As the omicron wave of the COVID pandemic continues to wane in the US (recently convincing the CDC to finally drop its federal masking guidance), the situation in Hong Kong couldn't be more different. As case numbers continue to soar despite the government's suddenly draconian measures to suppress spread, thousands of Hong Kongers have decided to flee, escaping both the crushing COVID restrictions, and the city-state's increasingly authoritarian tendencies now that Beijing has reasserted political control.
Hong Kong's response to the virus has gotten increasingly heavy-handed as authorities demand that it fall in line with Beijing's "COVID zero" policy, which requires mass testing and liberal use of mass quarantines to isolate areas experiencing outbreaks. For much of the pandemic, Hong Kong's decision to close itself off from international travelers appeared to be enough to keep COVID at bay.
But omicron punctured its defenses, and now thousands of sick individuals are being shipped off to quarantine "camps".
These and other strict measures risk transforming Hong Kong's trickle of emigres into a flood.
WSJ caught up with one individual, a western expat living in Hong Kong named Charles Murton. Murton first arrived in the city during his teenage years, but is now preparing to flee with his family, perhaps to Singapore, a destination that beckons for many Hong Kongers since the government there has continued to encoourage migration from Hong Kong, despite harboring increasing levels of COVID infection itself.
Murton said the city's decision to shutter schools next month as it seeks to test all 7.4M of its reisdents for COVID was the last straw.
"The virus is something that you’ve got to live with, but that doesn’t seem to be the thought process here," the 41-year-old logistics executive told WSJ.
Making matters worse, the latest clampdown in Hong Kong contrasts sharply with decisions to deescalate restrictions by the US and Europe, making the city's stringent restrictions seem increasingly painful by comparison.
The latest data confirm the exodus. Immigration data cited by WSJ shows nearly 69K more Hong Kong residents have left the city than arrived so far since the start of 2022. Almost 80% of those departing have left since the start of February, a massive increase by all accounts. The data on population outflows from Hong Kong dates back to January 2020.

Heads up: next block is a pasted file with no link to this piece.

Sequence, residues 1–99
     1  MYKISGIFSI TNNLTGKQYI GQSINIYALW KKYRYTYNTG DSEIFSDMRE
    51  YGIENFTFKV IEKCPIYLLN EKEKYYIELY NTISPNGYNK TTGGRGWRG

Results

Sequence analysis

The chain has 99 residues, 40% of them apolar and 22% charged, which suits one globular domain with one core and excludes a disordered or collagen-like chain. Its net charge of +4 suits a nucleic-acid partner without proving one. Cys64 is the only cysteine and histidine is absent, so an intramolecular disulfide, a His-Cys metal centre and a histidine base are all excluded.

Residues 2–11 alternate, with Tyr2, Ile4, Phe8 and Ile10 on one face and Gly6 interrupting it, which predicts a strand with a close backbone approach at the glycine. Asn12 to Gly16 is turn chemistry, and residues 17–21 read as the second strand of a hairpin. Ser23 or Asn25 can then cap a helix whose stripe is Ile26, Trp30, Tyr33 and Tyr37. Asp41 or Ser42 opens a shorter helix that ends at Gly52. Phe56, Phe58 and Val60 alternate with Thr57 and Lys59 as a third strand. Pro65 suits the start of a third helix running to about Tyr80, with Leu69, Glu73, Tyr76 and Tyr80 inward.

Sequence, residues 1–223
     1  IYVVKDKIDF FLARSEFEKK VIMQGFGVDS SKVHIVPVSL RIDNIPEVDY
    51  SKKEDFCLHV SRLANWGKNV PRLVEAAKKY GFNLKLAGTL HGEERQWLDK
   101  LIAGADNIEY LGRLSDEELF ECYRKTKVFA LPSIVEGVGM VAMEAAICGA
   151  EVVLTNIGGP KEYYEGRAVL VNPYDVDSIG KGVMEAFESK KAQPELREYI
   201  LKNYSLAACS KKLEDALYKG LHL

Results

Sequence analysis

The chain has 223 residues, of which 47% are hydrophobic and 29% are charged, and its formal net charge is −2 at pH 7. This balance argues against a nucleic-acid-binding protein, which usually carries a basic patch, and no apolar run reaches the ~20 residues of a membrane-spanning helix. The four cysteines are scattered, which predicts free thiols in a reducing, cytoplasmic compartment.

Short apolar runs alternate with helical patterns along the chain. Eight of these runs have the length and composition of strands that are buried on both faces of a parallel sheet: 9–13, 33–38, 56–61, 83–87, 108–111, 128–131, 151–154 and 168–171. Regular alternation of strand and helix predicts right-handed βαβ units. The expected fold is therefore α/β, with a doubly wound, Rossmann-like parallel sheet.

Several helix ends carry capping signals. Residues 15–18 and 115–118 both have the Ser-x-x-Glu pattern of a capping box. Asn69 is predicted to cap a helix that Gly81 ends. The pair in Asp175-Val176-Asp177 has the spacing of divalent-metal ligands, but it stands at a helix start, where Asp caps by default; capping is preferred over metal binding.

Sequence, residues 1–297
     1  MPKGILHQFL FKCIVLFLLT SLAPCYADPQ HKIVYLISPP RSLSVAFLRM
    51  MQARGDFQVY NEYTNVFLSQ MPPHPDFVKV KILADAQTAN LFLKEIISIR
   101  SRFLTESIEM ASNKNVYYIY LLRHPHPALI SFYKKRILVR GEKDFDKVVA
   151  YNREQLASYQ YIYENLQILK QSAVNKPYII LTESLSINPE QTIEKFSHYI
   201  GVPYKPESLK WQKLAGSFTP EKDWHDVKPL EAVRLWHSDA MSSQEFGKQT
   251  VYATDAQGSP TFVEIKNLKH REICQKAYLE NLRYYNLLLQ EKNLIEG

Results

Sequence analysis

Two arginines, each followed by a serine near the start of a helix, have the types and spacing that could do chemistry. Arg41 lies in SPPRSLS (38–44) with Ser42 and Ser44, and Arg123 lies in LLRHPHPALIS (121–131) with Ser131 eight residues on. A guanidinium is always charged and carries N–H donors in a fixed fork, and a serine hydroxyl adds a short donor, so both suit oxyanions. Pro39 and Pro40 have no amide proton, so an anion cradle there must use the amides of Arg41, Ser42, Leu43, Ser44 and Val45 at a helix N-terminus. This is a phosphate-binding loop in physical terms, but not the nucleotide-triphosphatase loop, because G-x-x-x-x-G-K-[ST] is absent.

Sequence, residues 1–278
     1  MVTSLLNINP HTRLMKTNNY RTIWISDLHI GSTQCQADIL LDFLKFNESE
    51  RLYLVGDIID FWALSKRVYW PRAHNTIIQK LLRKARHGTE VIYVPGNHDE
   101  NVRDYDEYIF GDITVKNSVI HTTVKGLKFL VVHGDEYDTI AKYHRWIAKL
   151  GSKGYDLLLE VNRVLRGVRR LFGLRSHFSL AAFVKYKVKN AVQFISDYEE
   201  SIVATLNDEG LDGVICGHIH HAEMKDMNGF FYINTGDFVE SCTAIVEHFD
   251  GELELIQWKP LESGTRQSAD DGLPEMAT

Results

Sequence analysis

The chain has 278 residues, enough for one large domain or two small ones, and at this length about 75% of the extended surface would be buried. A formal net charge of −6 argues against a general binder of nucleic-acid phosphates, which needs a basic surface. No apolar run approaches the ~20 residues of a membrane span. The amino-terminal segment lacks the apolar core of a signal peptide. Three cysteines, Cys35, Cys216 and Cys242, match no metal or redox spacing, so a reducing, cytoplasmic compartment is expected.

But other economic factors attest to the sudden will to flee: there have been hastily canceled doctors appointments, children taking online classes while on the airport shuttle and a rush to find tenants to take over apartment leases.
As a reminder, Hong Kong's restrictions include the following: practically all nonresidents are barred from entering the city, and returning travelers must pay out of pocket for weekslong hotel quarantines no matter their test results or vaccination status. Hong Kong has also banned gatherings of more than two people and halted all indoor dining after 1800 local time. Gyms have been shut, bars, hair salons and even campsites have been forced to close. Beginning on Thursday, the unvaccinated can no longer shop in supermarkets and malls, essentially making a vaccine a prerequisite for continuing to survive in the city.
Despite all of this, cases in Hong Kong have continued to climb at a shocking rate: the city has recorded more than 126K confirmed cases between Dec. 31 and Saturday, about 10x the number of infections seen in 2020 and 2021 combined.
On Sunday, the city reported a record 26.026K new COVID infections and 83 deaths, a new daily record for cases.
With the National Party Congress in Beijing set for later in the year, President Xi has proclaimed that the defeat of the coronavirus is now Hong Kong's "overriding mission".
But at the end of the day, it's regular Hong Kongers, not CCP bureaucrats in Beijing, who will shoulder the burden of the crackdown.